France-Germany feud heats up over cars and nuclear
Rift risks spilling over into EU leaders’ summit in Brussels this week.
A growing row between Germany and France risks crashing into a crucial EU summit later this week.
EU leaders will meet in Brussels on Thursday and Friday to discuss economic competitiveness and ammunition for Ukraine, but the clash between Germany and France over combustion-engine cars and nuclear energy now looms disruptively over those talks.
"I am a supporter of permanent Franco-German compromise, but also of truth in the Franco-German relationship. When we have a disagreement, we don't hide it, we work to overcome it," French Transport Minister Clément Beaune told POLITICO.
The EU's move to ban the sale of polluting cars and vans by 2035 in order to tackle spiraling transport-linked greenhouse gas emissions has ignited the latest row after Germany mounted an unusually late blockade of the EU green car rules alongside a small group of allies, including Italy.
Berlin wants a clear exemption for e-fuels, a synthetic alternative to fossil fuels, which would benefit its automotive industry, but that change was already rejected twice in the European Parliament and member countries didn't back a binding loophole for such fuels in lengthy negotiations over the final draft last year.
France strongly criticizes Germany's roadblock, while at the same time is trying to push through nuclear energy exemptions in the EU's green rules — which has irritated Berlin.
France wanted to include a reference in EU summit conclusions that would have emphasized the importance of nuclear power for EU industry decarbonization, two diplomats said. But that's a no-go for German Chancellor Olaf Scholz's government, which includes the nuclear-skeptic Green party.
Although the disputed paragraph was not included in draft conclusions circulated Monday evening by European Council President Charles Michel, Paris continues to push to include nuclear power under the EU's clean tech legislation.
In recent days, France has not only lobbied to include nuclear energy in the EU's Net Zero Industry Act — a legislative package that aims to ramp up the bloc's clean tech manufacturing — but it is also making a renewed push to give nuclear-based hydrogen a bigger role in meeting EU renewable energy goals. The fact that the European Commission, under pressure from Berlin, downgraded the role of nuclear power under the Net Zero Industry Act before it was presented last week particularly angered Paris, according to two diplomats.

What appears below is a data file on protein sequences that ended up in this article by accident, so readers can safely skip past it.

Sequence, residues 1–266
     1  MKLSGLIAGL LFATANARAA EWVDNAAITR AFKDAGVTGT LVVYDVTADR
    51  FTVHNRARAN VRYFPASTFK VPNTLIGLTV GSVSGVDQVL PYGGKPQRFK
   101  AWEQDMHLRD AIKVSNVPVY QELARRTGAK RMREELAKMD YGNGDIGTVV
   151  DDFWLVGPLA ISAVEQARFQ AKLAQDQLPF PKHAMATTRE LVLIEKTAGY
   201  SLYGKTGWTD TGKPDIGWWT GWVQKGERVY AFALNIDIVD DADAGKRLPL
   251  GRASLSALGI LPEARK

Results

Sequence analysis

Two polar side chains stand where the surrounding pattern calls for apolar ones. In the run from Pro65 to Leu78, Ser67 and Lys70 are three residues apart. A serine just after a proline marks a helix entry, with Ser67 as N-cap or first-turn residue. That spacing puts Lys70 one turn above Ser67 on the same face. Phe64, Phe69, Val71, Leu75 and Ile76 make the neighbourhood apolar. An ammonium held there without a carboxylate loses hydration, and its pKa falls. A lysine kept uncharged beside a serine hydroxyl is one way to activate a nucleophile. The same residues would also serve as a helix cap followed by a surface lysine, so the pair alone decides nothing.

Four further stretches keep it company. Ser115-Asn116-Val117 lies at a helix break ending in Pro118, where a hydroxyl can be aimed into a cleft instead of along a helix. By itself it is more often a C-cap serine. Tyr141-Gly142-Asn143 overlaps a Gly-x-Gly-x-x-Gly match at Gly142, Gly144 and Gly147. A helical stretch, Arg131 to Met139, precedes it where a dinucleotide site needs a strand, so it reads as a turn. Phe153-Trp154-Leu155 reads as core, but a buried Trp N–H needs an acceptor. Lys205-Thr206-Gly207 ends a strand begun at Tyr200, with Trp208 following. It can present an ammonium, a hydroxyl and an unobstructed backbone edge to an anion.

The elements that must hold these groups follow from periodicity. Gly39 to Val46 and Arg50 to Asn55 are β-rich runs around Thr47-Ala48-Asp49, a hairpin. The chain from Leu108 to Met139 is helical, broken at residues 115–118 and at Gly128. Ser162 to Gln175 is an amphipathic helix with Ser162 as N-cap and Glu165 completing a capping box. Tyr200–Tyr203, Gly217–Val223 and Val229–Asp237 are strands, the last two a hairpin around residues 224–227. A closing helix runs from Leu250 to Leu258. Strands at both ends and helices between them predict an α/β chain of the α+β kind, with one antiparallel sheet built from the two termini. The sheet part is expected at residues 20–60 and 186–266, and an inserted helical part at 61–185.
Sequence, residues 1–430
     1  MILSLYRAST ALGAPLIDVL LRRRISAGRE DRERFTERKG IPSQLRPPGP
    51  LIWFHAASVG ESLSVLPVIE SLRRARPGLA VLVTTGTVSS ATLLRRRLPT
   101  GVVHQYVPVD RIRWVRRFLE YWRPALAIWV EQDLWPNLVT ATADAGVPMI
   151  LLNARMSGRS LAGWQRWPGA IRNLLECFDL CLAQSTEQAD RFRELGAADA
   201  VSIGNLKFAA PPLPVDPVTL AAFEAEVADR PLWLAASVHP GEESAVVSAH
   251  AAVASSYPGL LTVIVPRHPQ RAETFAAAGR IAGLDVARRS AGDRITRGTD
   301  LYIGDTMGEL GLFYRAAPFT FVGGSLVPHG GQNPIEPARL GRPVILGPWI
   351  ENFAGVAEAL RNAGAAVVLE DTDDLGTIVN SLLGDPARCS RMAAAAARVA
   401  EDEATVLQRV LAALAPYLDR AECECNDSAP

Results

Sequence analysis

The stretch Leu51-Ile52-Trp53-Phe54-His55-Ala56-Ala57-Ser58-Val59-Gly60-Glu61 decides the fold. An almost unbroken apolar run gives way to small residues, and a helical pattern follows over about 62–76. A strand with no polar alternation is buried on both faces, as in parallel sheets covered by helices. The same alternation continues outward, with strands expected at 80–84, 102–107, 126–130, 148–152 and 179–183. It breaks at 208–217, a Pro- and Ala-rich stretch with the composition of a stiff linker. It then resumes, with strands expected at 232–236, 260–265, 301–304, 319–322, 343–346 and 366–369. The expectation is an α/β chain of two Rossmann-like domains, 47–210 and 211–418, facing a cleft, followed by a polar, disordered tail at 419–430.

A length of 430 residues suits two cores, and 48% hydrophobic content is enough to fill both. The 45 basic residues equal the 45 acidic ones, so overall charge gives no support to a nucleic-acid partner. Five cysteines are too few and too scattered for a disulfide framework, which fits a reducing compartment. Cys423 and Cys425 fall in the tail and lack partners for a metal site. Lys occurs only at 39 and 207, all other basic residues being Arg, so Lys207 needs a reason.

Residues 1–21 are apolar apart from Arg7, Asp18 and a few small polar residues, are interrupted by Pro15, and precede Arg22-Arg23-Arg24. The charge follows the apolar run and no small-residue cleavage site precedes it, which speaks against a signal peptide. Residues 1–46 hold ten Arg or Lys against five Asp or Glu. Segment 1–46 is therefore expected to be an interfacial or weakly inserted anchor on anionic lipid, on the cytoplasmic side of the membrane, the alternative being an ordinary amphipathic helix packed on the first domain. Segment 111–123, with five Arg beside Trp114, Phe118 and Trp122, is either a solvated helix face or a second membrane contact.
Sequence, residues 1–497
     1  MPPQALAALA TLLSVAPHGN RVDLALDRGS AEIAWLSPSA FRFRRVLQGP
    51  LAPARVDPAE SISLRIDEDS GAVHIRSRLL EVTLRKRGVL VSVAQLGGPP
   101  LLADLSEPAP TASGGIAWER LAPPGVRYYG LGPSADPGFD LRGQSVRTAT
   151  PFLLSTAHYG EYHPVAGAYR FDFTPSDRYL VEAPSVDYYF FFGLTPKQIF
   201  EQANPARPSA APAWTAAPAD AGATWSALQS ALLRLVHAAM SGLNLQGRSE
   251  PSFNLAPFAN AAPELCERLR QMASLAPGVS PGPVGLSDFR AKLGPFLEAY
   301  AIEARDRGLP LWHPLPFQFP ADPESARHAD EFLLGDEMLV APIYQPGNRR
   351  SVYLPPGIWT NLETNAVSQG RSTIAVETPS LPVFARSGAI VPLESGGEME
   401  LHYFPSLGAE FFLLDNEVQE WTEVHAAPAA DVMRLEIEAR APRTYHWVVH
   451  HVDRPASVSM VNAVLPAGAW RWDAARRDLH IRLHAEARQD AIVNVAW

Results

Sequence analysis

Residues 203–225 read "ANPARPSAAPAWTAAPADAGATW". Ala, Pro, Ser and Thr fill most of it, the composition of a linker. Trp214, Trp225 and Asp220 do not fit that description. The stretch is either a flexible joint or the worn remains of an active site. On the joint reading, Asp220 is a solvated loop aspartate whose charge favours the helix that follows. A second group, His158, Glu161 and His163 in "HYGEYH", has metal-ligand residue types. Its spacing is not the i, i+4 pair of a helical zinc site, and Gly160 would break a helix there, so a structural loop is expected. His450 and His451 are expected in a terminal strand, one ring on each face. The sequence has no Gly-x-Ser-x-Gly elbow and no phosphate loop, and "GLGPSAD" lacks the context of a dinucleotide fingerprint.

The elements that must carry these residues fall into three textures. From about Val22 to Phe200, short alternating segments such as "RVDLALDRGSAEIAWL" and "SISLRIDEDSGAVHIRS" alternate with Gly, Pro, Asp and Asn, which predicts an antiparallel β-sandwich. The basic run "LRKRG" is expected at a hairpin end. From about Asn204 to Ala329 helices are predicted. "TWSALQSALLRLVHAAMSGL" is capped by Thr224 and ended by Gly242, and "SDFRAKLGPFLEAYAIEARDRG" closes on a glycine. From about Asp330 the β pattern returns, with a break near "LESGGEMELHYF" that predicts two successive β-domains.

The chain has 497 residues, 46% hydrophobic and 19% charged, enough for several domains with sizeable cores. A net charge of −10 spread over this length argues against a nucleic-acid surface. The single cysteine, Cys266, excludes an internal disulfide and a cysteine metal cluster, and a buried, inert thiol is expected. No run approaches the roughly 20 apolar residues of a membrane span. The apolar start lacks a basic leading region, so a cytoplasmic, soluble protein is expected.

Meanwhile, Berlin continued intensive negotiations Monday with the European Commission about cars, regarding a potential deal for allowing synthetic fuels (or e-fuels) under the EU legislation. Scholz wants the issue resolved before Thursday's summit, to avoid it potentially becoming a bigger political discussion among leaders, three officials said.
But even if a deal can be struck on time, it's still likely to be overshadowed by resistance from France and the European Parliament.
Beaune called the German e-fuels push "risky" and said the issue could be discussed on the summit sidelines.
In a letter Monday to the Council of the EU, European Parliament President Roberta Metsola also protested against Germany's last-minute attempt to change already-agreed cars legislation.
Metsola warned it could "undermine the credibility of the [EU's] legislative process," according to an official who has seen the letter. Metsola might also directly bring up these concerns when she meets EU leaders at Thursday's summit.
The big problem for Germany is that its controversial push on e-fuels risks backfiring.
"It’s not acceptable to compromise energy versus cars, and France should stick to its public guns and fight for the 2035 engine phaseout," said Julia Poliscanova from the green group Transport & Environment.
Two officials in Berlin said they were worried Germany's blockade on cars legislation would not only undermine Berlin's credibility but also weaken its ability to push back against France's nuclear plans.
"If we're saying at the last moment, 'hold on, we want to change the legislation because we have a key interest here,' it's more difficult to say 'no' if others are doing the same," one said.
Ahead of a meeting Tuesday of EU affairs ministers to prepare the leaders' summit, German EU Affairs State Secretary Anna Lührmann said she hopes Berlin's blockade on the cars legislation won't incentivize other countries to try copycat moves to protect their core national interests.
"It is important that Germany is perceived as a reliable negotiating partner in Brussels and acts early and cohesively. This has to become better,” Lührmann told POLITICO.
"This stalemate must now be ended quickly," she added.